With 1.1 million MT of peas and 600,000 MT of lentils exported in November, Canadian pulse exports should remain strong in the coming months.

By wpengine

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The first five months of the 2013/14 crop year have seen strong exports of Canadian pulses, with both peas and lentils running well ahead of year ago levels. Peas exports to the end of November, the most recent month for which official statistics have been released, came in at 1.1 million MT, compared to just over 900,000 MT last year.

India and China are by far the two biggest destinations. Traditionally India was the single most dominant market, but China has been closing the gap in recent years as purchases saw steady growth, and actually become the largest market through the first half of the current year. In fact, China has already purchased as much as they did during the entire season just a couple of years ago.

Whether Canada will be able to export peas at the same pace through the upcoming months will largely be a function of logistical capacity. The supplies are available, but backlogs in the country have slowed movement of all crops, and many grain companies are giving wheat and canola preferential treatment for whatever shipping capacity they have available.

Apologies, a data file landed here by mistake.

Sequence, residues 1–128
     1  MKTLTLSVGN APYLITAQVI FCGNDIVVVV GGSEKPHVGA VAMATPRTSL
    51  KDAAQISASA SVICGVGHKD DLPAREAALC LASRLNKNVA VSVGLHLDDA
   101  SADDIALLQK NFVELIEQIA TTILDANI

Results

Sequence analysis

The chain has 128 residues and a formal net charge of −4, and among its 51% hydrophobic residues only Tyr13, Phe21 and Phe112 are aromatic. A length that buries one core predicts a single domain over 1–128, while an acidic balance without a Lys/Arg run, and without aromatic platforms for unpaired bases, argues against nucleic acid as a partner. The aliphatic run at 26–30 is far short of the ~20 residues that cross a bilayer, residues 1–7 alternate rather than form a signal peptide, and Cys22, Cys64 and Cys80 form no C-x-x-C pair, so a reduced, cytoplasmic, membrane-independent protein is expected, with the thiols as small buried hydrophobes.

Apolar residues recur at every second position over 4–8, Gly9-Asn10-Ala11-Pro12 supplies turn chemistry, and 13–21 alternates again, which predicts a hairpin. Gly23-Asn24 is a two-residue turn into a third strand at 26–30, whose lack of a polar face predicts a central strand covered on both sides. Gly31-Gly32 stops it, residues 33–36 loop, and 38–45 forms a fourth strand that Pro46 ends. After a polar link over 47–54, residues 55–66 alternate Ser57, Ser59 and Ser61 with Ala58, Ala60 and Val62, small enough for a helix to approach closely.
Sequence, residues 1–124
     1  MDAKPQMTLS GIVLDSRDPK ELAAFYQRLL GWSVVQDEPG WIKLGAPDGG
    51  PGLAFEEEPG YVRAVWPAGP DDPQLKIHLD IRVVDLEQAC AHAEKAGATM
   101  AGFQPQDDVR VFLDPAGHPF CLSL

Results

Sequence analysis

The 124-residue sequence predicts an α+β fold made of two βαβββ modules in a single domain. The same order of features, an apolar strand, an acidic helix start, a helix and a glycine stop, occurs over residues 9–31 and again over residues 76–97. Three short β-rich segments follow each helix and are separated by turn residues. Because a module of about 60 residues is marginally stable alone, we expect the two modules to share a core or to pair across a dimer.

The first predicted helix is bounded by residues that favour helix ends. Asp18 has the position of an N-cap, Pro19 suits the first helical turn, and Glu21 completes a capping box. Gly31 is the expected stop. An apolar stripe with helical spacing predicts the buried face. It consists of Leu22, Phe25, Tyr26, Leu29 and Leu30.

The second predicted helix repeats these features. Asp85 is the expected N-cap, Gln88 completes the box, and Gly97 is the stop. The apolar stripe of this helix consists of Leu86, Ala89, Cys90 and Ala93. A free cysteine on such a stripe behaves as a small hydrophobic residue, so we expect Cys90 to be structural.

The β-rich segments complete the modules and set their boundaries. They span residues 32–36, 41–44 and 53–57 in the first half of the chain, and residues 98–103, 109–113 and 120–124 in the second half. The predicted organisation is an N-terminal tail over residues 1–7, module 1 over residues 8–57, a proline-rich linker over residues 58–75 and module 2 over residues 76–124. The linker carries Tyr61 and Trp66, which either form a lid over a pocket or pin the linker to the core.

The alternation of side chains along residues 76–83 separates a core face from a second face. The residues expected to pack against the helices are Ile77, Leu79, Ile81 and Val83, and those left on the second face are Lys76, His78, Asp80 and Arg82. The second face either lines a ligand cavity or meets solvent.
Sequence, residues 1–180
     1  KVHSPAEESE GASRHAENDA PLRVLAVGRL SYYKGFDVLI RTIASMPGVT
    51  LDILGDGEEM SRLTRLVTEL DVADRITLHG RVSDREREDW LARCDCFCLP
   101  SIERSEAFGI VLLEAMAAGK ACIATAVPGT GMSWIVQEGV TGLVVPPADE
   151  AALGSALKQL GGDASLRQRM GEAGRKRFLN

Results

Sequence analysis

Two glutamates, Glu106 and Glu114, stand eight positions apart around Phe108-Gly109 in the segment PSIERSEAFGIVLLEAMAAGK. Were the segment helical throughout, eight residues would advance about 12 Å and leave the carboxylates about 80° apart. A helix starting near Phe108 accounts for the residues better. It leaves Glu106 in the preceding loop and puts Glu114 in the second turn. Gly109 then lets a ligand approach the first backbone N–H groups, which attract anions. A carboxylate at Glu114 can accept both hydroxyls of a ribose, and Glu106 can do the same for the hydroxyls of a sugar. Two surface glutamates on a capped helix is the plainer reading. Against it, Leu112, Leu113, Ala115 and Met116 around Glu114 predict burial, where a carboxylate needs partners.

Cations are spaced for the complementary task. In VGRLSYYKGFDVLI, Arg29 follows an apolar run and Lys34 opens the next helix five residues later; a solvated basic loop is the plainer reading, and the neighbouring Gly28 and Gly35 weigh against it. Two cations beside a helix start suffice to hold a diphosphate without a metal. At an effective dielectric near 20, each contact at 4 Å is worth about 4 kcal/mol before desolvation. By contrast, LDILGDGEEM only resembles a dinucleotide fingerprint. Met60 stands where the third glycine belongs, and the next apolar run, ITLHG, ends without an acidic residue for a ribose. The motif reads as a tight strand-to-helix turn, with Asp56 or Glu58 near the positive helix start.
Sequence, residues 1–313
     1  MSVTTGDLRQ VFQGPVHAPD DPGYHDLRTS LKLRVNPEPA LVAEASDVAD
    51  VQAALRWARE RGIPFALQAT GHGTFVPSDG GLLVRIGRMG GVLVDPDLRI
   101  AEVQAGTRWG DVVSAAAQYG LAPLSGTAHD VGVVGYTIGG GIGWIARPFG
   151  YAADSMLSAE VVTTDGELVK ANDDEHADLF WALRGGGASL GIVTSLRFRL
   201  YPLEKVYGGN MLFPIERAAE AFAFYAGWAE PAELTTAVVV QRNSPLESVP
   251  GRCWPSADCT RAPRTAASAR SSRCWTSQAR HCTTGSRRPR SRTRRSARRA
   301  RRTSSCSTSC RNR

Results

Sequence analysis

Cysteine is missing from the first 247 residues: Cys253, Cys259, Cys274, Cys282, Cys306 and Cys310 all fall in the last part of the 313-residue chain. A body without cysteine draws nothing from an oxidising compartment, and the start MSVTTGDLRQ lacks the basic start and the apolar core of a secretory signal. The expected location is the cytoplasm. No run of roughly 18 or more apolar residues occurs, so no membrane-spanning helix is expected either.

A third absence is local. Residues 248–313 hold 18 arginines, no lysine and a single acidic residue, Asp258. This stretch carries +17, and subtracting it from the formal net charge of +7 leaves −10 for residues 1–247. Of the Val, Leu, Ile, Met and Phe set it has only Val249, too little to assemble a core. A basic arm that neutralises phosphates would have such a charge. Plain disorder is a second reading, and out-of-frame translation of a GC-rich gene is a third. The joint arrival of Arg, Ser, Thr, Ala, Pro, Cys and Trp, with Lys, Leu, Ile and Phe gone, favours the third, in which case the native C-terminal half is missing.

Lentil movement has also been impressive, running at 600,000 MT to the end of November compared to just 480,000 MT during the same period a year ago. The bulk of this increase has been in red lentils, with green lentil exports just marginally higher. Green lentil demand tends to be somewhat less variable from one year to the next, so this pattern is not surprising. The countries seeing the biggest change from year ago levels are primarily in the Middle East, including Turkey, Egypt and the UAE.

More lentils move via container rather than through bulk channels. This helps make lentil movement somewhat less vulnerable to the problems seen with crops that rely heavily on bulk shipments, although it won’t be able to avoid the challenges entirely.

Of the smaller pulse crops, dry beans have also seen strong early season exports, including for navy and pinto beans. However, chickpea exports have been disappointing, as strong production through other growing regions in the world have made Canadian supplies less competitive.

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